What is the different states of matter?

What is the different states of matter?

The three states of matter are the three distinct physical forms that matter can take in most environments: solid, liquid, and gas. In extreme environments, other states may be present, such as plasma, Bose-Einstein condensates, and neutron stars.

What are the 4 states of matter and their properties?

There are four natural states of matter: Solids, liquids, gases and plasma. The fifth state is the man-made Bose-Einstein condensates. In a solid, particles are packed tightly together so they don’t move much.

How do you find the kinetic energy of an ideal gas?

Each molecule has this average kinetic energy:

  1. To figure the total kinetic energy, you multiply the average kinetic energy by the number of molecules you have, which is nNA, where n is the number of moles:
  2. NAk equals R, the universal gas constant, so this equation becomes the following:

What happens when two gas molecules collide?

Gas particles are constantly colliding with each other and the walls of their container. These collisions are elastic; that is, there is no net loss of energy from the collisions. Gas particles are small and the total volume occupied by gas molecules is negligible relative to the total volume of their container.

What is it called when gas particles hit the wall?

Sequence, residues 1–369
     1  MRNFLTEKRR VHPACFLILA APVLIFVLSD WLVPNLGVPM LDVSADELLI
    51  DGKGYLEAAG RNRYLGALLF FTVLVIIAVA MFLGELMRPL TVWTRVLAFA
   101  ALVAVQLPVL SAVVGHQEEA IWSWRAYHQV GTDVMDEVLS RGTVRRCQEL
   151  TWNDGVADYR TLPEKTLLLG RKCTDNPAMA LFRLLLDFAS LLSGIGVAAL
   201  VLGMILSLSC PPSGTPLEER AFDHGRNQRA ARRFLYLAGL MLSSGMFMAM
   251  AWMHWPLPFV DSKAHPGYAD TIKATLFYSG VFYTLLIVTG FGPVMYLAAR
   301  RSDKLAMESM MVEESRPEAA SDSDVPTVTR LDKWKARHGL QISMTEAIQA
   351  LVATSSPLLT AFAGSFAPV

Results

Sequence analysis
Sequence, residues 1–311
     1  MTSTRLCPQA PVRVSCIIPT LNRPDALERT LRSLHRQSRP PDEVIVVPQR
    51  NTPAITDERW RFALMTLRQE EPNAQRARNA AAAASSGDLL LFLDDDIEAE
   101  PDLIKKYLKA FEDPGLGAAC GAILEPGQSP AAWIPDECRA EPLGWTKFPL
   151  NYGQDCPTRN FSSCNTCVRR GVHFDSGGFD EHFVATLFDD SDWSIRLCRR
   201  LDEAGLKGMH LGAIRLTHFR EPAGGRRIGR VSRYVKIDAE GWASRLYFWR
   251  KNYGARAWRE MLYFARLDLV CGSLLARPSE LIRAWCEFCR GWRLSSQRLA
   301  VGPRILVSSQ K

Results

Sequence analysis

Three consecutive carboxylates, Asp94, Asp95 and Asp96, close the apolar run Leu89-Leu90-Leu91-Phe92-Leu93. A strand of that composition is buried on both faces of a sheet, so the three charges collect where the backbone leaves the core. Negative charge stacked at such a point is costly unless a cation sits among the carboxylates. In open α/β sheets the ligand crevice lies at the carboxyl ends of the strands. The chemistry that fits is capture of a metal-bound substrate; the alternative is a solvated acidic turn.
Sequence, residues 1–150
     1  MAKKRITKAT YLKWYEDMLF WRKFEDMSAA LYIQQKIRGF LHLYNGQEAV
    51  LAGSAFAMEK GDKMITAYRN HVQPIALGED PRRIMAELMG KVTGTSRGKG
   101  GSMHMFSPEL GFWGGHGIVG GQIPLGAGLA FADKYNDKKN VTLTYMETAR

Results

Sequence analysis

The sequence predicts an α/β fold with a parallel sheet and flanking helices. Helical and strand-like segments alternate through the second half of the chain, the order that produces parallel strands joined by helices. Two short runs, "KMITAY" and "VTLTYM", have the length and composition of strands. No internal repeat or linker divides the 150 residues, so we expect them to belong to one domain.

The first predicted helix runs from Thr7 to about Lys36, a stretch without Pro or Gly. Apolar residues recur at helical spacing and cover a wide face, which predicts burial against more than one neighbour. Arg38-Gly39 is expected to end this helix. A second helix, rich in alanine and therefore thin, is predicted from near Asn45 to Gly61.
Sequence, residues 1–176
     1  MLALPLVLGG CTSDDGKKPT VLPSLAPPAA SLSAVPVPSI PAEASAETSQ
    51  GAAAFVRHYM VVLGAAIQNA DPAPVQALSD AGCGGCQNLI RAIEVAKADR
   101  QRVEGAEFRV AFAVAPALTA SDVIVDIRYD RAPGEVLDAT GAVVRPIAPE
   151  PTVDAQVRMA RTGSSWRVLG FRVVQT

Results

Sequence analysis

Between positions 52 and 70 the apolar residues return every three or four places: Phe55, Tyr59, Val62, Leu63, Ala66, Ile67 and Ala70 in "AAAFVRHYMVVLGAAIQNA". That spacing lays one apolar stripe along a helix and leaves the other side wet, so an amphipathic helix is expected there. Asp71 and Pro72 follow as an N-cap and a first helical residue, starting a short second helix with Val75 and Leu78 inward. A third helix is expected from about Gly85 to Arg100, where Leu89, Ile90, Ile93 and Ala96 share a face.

The kinetic molecular theory can be used to explain each of the experimentally determined gas laws. The Link Between P and n. The pressure of a gas results from collisions between the gas particles and the walls of the container. Each time a gas particle hits the wall, it exerts a force on the wall.

What happens when ideal gas particles collide?

The particles of an ideal gas exert no attractive forces on each other or on their surroundings. The collisions exhibited by gas particles are completely elastic; when two molecules collide, total kinetic energy is conserved.

Do gas particles have attractive forces?

Gas – In a gas, particles are in continual straight-line motion. The kinetic energy of the molecule is greater than the attractive force between them, thus they are much farther apart and move freely of each other. In most cases, there are essentially no attractive forces between particles.

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